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Title: Geometric variances in hip osteoarthritis and tribology of the natural hip
Author: Groves, Dawn
Awarding Body: University of Leeds
Current Institution: University of Leeds
Date of Award: 2015
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Osteoarthritis (OA) of the hip joint is a common form of arthritis that often requires surgical intervention using total hip replacement (THR), as treatment using early interventional techniques is still poorly understood. It is hoped that gaining a better understanding of hip geometry, and that using this information in future in-vitro simulations, will contribute to the evidence base regarding the aetiology of OA and the use of early surgical interventions to prevent or delay the onset of hip OA. This thesis aimed to investigate geometric variations in patients with known hip OA and compare them to asymptomatic participants of the same age. The thesis also aimed to develop a novel in-vitro simulation model for the tribological testing of complete natural hip joints. Twenty nine participants were recruited into the study (n=15 control and n=14 hip OA), and the geometry of their hip joints was explored and compared using high resolution (3.0 T) MRI and 3D shape matching software (EndPoint), which in the main, had previously been used for investigating the knee joint. In the study group, obvious shape differences such as superior flattening of the femoral head, differences in the sphericity of the head and acetabulum, and a significantly smaller degree of acetabular anteversion were observed when compared to the asymptomatic group. Experimental work began by validating a new pendulum friction simulator (Mk B) using THR bearings and hemiarthroplasties. One major modification and several minor modifications were required before the simulator could be used to develop the novel complete natural hip joint in-vitro simulation model, which was done successfully using porcine tissue. This model and the novel sample potting methodology developed alongside it can be used in future in-vitro tribological studies of the natural hip joint, and information gained from the MRI study can be used as geometric parameters for future in-vitro simulations.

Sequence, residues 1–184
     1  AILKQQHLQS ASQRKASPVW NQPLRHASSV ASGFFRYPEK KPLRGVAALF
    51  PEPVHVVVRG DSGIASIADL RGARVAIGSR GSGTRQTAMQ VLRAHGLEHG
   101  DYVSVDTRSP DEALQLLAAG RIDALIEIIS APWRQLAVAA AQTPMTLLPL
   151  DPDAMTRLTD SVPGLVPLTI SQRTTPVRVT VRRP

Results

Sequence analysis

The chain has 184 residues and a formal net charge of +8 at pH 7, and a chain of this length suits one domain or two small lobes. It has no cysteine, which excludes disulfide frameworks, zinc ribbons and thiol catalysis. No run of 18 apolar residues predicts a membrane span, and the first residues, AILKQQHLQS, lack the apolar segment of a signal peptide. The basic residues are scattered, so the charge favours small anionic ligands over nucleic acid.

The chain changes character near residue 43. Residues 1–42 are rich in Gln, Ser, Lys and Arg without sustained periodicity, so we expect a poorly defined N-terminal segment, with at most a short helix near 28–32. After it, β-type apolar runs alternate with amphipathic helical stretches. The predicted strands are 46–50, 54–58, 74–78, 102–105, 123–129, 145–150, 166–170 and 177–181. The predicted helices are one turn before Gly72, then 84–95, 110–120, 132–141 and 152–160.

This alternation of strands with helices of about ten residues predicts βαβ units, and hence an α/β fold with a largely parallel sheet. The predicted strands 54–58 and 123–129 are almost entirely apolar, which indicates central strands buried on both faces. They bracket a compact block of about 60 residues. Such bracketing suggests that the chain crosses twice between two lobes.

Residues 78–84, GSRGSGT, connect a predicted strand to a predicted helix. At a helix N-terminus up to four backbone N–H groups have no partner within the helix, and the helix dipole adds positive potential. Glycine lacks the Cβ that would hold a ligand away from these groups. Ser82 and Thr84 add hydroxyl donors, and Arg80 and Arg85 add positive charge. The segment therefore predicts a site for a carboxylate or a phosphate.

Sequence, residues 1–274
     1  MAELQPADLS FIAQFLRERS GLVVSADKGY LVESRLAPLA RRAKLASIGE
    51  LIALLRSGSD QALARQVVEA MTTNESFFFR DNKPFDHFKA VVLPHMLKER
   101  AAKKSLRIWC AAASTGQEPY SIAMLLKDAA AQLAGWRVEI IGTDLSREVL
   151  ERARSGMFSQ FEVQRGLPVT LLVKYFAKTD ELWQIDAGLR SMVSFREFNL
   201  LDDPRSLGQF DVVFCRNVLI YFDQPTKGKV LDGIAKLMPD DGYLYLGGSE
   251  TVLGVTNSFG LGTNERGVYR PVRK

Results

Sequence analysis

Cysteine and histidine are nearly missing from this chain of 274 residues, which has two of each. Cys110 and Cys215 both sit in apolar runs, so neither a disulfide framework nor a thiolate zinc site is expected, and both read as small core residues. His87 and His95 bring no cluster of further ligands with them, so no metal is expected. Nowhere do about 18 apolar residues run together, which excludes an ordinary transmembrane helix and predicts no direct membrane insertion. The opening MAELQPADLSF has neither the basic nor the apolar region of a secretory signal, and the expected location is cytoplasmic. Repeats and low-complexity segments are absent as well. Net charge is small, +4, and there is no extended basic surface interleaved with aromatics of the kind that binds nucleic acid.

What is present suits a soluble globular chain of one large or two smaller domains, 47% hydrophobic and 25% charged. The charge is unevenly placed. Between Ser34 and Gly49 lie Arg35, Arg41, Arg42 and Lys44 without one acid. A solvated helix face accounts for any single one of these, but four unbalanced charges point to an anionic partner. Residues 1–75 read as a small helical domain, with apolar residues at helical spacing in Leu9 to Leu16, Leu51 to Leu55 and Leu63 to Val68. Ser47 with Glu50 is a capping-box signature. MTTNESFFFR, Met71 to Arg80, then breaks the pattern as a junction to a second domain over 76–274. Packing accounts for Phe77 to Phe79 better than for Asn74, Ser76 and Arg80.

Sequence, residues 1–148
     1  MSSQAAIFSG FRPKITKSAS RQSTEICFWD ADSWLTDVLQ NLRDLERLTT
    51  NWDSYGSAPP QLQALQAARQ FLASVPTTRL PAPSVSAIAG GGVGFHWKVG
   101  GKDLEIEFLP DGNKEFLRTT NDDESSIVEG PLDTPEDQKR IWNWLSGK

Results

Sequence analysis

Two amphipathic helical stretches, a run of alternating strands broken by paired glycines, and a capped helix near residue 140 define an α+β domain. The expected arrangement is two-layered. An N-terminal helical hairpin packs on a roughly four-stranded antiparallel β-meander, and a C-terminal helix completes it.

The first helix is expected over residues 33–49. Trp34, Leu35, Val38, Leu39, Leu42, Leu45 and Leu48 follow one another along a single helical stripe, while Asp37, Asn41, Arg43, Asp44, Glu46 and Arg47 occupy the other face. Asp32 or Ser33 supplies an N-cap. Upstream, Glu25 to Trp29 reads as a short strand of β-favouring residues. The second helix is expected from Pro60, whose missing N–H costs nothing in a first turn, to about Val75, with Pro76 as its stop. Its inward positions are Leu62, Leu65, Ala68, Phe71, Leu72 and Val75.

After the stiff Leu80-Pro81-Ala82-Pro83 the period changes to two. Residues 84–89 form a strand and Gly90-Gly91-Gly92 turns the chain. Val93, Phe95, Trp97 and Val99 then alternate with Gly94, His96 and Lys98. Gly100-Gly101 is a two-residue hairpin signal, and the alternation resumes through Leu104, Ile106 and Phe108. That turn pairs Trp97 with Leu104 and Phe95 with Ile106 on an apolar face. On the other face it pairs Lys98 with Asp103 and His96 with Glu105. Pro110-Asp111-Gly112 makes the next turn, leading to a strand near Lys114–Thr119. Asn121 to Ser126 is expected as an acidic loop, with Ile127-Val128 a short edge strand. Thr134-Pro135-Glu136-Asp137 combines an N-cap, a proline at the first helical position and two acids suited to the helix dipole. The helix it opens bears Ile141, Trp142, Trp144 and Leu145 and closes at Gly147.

Supervisor: Williams, Sophie ; Fisher, John ; Bowes, Mike ; Beverland, David Sponsor: EPSRC
Qualification Name: Thesis (Ph.D.) Qualification Level: Doctoral
EThOS ID:  DOI: Not available